Meanwhile, a State program provided up to $100,000 in compensation to farmers for losses of livestock destroyed by wolves in fiscal years 1978 and 1979 (Minnesota Statutes 1978, Section 3.737). Supporters of this legislation claimed that livestock depredations were proliferating and that farmers were sustaining considerable financial losses. The new law provided compensation of up to $400 per animal for livestock killed or injured by wolves. The responsibility for verifying claims of wolf depredation and determining the market value of the livestock was given to the local DNR conservation officer and the University of Minnesota Agricultural Extension Service's county extension agent, respectively. This program was still in effect in 1980.

Despite the long history of the wolf-livestock problem in Minnesota and the controversy it continually generates, until recently no agency had measured the amount of damage actually caused by wolves. Therefore, it was difficult to evaluate and compare the effectiveness of any of the past programs or to detect long-term trends in the seriousness of the problem. Records of the number of complaints and verified depredations were available only since 1975, and records of the number of wolves taken in livestock depredation control programs were available only since 1969. Records of the number of livestock claimed killed have been kept by the Minnesota Department of Agriculture (MDA) since 1977 and by the FWS since 1979.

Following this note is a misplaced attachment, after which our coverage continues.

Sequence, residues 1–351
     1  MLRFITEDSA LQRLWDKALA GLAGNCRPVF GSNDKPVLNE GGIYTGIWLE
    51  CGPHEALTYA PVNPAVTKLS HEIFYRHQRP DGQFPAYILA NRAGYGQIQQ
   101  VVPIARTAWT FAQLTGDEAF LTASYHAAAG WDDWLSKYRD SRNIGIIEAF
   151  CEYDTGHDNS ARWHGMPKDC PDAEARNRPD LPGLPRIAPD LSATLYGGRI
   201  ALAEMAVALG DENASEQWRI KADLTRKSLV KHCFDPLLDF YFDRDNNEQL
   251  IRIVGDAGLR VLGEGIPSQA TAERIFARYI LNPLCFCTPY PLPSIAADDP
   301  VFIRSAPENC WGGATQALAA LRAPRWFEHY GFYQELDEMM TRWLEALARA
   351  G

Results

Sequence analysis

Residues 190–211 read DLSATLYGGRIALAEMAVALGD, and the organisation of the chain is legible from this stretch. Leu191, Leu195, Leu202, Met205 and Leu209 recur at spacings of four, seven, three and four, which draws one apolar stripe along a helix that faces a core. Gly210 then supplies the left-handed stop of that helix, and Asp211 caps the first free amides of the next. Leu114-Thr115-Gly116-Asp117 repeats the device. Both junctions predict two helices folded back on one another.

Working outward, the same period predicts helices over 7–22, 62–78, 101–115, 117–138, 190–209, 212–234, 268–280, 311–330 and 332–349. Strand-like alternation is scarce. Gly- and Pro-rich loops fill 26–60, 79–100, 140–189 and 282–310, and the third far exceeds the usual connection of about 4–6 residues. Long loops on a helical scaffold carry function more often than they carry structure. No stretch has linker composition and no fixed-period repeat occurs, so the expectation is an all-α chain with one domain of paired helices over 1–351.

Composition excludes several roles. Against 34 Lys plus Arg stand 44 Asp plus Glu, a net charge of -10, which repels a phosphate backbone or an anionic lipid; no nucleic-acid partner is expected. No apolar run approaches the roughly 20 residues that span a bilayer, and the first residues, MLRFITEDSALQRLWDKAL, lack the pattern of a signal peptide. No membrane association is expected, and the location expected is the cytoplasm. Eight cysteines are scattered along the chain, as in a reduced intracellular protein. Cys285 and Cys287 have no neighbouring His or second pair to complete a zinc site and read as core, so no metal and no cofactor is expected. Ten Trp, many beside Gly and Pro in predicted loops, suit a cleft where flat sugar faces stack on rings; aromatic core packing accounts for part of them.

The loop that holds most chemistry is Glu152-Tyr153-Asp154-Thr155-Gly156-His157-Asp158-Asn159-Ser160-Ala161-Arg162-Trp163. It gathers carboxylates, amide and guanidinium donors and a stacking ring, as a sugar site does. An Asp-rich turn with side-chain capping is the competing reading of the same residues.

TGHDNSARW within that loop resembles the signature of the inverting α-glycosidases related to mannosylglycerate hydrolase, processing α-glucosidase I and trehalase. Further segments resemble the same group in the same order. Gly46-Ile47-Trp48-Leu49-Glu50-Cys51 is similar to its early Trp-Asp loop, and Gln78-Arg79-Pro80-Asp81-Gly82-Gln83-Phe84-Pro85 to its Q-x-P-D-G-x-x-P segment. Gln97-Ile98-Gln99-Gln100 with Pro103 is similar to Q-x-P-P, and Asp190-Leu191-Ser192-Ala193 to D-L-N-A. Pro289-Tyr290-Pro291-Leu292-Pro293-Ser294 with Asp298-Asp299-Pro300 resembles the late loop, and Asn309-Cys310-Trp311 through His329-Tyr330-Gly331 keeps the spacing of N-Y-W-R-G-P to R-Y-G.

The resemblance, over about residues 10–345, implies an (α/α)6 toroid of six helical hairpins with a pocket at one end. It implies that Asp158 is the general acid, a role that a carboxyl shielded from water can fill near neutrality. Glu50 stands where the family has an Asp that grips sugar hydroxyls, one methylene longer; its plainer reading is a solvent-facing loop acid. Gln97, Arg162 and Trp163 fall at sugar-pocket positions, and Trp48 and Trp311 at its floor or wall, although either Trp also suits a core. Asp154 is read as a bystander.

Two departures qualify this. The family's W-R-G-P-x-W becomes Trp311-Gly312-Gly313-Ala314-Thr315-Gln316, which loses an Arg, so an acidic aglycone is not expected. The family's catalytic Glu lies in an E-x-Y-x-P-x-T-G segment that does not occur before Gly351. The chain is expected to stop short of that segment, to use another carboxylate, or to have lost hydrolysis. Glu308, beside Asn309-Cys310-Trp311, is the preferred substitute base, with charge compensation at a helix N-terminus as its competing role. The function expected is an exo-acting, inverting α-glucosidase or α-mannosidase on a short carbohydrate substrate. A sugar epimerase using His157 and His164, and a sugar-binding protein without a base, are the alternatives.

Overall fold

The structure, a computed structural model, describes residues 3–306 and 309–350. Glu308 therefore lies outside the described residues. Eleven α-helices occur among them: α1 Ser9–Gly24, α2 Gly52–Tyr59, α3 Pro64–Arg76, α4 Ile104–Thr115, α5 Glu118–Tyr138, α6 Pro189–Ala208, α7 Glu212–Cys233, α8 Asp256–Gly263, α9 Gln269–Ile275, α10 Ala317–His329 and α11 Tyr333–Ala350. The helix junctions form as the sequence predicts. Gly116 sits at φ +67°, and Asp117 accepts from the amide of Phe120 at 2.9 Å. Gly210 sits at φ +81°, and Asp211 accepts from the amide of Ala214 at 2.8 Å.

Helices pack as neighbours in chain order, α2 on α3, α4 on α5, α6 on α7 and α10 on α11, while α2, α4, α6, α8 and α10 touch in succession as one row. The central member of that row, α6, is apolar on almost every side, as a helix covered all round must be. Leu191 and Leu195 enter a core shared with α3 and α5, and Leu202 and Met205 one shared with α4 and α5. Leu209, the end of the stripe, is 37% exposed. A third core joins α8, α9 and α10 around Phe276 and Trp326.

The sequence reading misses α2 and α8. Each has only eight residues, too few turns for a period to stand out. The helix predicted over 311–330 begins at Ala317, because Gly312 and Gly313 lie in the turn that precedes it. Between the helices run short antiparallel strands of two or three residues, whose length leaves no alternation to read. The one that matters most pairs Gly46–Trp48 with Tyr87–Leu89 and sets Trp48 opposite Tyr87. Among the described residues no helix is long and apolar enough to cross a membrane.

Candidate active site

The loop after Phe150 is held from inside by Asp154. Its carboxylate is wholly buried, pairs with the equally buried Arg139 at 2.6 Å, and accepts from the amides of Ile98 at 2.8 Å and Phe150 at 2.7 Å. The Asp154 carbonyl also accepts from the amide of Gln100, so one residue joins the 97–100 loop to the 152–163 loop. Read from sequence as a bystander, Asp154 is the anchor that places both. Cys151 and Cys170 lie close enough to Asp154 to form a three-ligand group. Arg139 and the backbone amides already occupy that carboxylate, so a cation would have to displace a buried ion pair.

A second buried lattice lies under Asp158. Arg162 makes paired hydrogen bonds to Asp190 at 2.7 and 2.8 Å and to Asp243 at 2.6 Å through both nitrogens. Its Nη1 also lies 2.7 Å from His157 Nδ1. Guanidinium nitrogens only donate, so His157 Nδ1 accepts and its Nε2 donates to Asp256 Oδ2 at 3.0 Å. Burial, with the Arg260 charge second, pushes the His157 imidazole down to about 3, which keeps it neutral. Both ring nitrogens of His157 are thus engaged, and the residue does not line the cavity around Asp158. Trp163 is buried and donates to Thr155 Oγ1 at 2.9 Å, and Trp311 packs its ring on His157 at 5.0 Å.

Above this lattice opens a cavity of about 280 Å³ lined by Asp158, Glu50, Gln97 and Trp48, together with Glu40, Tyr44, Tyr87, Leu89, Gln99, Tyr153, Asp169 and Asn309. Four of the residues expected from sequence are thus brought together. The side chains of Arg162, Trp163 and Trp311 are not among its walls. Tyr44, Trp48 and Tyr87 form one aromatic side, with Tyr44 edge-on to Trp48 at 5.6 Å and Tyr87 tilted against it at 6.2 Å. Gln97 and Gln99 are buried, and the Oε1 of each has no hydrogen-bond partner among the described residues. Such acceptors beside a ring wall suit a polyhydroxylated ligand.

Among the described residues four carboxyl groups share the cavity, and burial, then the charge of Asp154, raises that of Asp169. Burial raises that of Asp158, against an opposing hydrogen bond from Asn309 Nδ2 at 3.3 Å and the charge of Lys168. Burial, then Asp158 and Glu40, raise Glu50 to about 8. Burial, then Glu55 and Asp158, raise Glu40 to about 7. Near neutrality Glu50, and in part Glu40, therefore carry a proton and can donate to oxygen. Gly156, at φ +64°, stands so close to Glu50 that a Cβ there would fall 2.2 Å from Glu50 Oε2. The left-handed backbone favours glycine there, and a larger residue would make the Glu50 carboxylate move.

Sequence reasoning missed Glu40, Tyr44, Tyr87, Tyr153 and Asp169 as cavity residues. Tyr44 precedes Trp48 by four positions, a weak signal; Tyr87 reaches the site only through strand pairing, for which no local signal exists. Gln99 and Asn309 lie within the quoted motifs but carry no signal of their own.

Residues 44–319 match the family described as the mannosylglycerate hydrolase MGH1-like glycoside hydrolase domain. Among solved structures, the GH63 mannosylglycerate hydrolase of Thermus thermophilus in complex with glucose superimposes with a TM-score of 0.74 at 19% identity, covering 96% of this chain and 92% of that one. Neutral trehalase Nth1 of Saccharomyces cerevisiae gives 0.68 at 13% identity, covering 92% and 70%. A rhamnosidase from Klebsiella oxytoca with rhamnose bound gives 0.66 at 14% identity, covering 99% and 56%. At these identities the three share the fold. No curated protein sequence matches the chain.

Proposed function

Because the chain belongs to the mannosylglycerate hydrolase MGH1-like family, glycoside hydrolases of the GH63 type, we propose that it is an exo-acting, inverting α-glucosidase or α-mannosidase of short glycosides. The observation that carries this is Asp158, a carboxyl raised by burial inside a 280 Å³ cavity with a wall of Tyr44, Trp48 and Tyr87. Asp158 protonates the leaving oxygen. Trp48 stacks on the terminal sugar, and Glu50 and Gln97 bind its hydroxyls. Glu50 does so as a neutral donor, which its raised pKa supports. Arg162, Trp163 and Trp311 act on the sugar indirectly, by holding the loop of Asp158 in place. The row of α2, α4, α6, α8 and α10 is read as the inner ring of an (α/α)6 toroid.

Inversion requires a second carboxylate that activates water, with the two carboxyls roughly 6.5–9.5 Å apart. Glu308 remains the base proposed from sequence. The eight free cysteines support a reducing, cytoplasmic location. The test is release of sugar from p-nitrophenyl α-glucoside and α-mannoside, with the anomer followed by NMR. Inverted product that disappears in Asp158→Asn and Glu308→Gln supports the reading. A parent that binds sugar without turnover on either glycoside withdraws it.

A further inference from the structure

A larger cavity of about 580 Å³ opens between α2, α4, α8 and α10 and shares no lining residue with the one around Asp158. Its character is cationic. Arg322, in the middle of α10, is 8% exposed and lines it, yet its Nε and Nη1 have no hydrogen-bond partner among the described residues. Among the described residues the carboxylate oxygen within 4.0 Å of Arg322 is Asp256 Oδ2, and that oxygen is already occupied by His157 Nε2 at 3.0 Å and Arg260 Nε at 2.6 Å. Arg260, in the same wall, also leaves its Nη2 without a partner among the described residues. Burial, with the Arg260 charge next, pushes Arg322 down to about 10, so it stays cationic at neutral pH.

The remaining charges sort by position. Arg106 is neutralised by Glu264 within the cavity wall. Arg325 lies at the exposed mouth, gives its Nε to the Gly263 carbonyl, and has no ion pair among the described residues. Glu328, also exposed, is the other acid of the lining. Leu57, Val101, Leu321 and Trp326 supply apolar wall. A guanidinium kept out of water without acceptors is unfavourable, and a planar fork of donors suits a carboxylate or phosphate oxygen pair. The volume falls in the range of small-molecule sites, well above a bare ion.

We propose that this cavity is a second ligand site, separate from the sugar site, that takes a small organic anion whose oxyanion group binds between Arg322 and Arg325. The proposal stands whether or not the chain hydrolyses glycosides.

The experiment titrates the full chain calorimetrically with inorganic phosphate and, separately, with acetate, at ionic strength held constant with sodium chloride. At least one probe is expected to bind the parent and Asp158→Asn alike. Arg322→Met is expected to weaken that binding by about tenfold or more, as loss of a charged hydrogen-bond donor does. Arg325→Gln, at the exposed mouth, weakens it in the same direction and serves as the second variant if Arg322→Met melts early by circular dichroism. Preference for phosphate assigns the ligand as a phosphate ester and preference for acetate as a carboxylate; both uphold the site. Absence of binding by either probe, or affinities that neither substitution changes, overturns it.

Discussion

Many residents of northern Minnesota believed that depredations on livestock increased after wolves were legally protected in September 1974. In northwestern Minnesota, there likely was some increase from 1974 to 1976 (Fritts and Mech 1981); however, from 1975 through 1980 the total number of complaints, the number of verified complaints of livestock losses to wolves, and the number of farms in Minnesota with verified losses remained fairly stable (Fig. 4). The number of wolves captured by State and Federal depredation control programs varied considerably during the past decade, but generally declined, as did the number killed (Fig. 5). Although it was not possible to assess the precise effect of the decreased number of wolves killed during recent years, one can conclude that no great increase in livestock losses resulted. Certainly no widespread proliferation of losses has occurred between 1975 and 1980 as indicated by the number of farms where losses were verified by the FWS (Fig. 4), although during each year of this period substantial losses were claimed by a few individual farmers.